Stephanie Fattman was running in what would ultimately be a successful bid to wrestle Worcester County’s chief of probate court post away from another Democratic incumbent. Reached Friday, Stephanie Fattman recalled how she would rely on her husband for campaign advice. The road was difficult, but Fattman said she could depend on her husband’s support.
“For me there were so many times I’d come home, tell him what was said about me,” she said. “His compassion was what helped keep me going.”
On the issues
Fattman says he was raised in a “sort-of center-right community with a center-right family.”
His father, Fattman said, is a Republican, while his mother is a Democrat. He said he’s willing to listen to other positions.
“I don’t think it makes sense for anybody to be cemented into the ground,” Fattman said. “Things change, life circumstances happen, but your core values — those are what’s important.”
Fattman calls himself more of a moderate. In a 2014 interview with the Boston Globe, Fattman said he thinks his positions lie somewhere between former Massachusetts Gov. Mitt Romney and former Sen. Scott Brown, who was defeated by Warren the same year Fattman coasted to reelection.
But some of Fattman’s stances on issues are clearly conservative: He’s opposed, for example, to sanctuary city policies that bar police departments from sharing information with federal immigration authorities. On education, he wants to expand access to charter schools and favors ditching Common Core educational standards in favor of Massachusetts’ own locally developed standards. He boasts a 100 percent approval rating from the Gun Owners’ Action League and supports laws recognizing and preserving various religious freedoms.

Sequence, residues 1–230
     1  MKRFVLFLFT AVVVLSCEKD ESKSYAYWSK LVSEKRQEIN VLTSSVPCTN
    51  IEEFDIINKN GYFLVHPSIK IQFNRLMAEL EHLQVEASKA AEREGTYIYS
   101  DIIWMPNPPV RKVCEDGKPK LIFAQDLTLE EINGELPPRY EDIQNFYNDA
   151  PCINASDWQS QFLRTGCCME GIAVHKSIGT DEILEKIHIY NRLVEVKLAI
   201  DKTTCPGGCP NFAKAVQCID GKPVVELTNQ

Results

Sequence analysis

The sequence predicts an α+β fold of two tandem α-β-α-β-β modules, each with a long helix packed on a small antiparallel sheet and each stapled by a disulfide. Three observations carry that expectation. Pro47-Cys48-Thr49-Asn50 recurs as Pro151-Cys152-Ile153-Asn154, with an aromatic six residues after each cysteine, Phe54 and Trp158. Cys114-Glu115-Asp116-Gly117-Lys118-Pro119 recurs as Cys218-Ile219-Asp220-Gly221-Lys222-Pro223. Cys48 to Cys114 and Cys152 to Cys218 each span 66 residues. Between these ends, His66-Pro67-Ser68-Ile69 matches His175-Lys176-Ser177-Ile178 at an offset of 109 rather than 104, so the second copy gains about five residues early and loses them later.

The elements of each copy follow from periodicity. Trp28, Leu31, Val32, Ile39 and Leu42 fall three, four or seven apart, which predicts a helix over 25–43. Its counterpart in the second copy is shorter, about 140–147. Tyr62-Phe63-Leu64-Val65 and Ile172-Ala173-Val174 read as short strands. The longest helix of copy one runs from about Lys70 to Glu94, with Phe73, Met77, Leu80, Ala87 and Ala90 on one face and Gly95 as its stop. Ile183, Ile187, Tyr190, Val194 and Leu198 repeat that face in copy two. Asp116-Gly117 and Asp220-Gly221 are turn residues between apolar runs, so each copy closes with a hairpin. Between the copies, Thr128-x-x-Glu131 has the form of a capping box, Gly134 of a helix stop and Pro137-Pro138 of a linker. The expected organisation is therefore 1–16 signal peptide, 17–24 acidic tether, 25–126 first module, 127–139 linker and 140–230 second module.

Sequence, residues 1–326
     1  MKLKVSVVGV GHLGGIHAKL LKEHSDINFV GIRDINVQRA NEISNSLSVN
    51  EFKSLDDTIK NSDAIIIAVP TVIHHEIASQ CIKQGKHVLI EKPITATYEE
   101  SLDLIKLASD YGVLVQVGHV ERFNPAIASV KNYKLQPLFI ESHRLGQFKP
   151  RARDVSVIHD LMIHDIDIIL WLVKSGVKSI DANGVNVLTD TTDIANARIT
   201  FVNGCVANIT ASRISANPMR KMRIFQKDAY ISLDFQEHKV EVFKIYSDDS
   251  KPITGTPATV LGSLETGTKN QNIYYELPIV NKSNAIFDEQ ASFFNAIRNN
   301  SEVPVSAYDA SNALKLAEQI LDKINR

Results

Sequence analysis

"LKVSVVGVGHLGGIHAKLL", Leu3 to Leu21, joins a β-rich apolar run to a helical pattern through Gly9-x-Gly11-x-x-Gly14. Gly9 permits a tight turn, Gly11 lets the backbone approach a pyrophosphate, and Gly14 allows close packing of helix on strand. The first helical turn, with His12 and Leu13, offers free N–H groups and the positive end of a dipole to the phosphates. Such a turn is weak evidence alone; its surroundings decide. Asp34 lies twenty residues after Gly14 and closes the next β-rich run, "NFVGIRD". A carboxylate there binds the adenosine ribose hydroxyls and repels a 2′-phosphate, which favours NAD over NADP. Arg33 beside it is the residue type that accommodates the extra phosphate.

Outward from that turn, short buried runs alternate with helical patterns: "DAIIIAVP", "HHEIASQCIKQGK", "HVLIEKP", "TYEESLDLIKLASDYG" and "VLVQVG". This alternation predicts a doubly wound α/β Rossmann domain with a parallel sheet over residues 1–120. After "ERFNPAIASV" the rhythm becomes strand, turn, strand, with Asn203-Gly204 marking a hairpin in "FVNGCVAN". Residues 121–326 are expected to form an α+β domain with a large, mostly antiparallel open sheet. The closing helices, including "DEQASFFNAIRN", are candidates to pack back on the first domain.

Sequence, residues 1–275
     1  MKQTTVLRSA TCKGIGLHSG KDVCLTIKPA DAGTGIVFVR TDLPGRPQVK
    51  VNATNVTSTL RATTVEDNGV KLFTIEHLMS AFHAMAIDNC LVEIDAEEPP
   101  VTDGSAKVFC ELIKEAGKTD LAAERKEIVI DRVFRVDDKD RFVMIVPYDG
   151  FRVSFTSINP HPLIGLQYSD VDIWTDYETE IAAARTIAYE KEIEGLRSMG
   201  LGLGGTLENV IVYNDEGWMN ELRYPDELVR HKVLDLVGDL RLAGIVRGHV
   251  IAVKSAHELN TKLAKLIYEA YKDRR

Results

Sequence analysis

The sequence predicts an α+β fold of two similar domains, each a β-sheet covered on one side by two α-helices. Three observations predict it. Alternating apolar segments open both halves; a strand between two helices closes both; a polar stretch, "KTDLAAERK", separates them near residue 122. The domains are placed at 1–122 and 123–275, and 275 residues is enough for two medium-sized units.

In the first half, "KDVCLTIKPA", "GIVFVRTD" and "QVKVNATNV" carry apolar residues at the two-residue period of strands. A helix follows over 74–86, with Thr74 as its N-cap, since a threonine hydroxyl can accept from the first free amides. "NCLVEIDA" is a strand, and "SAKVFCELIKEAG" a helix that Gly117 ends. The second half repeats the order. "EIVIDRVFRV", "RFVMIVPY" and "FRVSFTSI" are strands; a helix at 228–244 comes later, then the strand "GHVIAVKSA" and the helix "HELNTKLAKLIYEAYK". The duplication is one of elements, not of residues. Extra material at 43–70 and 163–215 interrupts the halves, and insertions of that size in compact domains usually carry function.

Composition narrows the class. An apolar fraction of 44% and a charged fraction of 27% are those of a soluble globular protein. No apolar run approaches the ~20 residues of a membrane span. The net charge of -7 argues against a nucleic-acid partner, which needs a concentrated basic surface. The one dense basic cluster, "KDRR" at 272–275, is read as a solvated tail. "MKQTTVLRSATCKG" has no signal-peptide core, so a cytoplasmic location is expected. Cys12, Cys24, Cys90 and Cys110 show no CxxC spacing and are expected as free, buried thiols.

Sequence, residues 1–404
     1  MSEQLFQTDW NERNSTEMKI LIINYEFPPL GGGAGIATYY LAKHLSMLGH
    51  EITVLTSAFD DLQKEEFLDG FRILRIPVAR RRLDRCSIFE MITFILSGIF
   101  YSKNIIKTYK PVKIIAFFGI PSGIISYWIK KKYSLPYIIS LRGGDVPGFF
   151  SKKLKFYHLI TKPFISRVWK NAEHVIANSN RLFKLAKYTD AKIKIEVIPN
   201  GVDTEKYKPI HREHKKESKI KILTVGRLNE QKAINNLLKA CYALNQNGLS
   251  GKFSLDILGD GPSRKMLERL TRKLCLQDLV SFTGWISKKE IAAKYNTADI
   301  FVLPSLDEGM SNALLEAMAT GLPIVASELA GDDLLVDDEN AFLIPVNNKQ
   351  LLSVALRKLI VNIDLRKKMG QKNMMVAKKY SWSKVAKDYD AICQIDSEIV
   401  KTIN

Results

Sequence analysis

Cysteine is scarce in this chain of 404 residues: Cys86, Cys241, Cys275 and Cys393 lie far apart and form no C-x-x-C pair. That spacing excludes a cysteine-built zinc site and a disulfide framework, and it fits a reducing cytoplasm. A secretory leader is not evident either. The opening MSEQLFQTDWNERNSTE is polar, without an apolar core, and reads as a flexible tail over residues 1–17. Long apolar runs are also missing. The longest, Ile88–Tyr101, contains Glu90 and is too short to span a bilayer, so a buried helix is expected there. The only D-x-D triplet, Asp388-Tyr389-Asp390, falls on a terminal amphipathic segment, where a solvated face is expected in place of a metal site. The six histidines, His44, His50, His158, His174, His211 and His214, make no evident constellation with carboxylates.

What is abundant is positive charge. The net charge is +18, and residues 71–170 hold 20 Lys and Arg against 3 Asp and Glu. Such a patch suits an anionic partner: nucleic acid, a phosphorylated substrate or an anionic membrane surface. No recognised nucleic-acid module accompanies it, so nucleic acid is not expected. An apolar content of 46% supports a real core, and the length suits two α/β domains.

Fattman also last year added his name to a list of sponsors supporting a bill that would require schools to obtain parental consent before allowing students to participate in various surveys, including questionnaires that touch on sensitive issues, including drug and alcohol use, emotional and psychological feelings, personal appraisals of their family members, abortion and birth control.
That said, Fattman said he’s also looking to find ways to reach a common ground with his more liberal and progressive colleagues. Fattman said he is planning on introducing a proposal that will not only combat homelessness, but also seeks to change the state’s approach to the epidemic.
“One of the programs that bothers me is how we deal with homelessness by putting them into hotels and motels,” Fattman said, referring to the state’s hotel homelessness program. “It’s expensive for the state but more importantly I think it creates a difficult environment for the families.”
Fattman said he’s planning on introducing a proposal that mirrors the approach Seattle is taking.
Currently, Massachusetts spends about $30 million annually on the homeless-to-hotels program. Fattman said he thinks his proposal could cut that number by about a third. The idea involves teaming up with landlords, with the state providing them insurance incentives to reduce the stresses of credit score and other leasing requirements.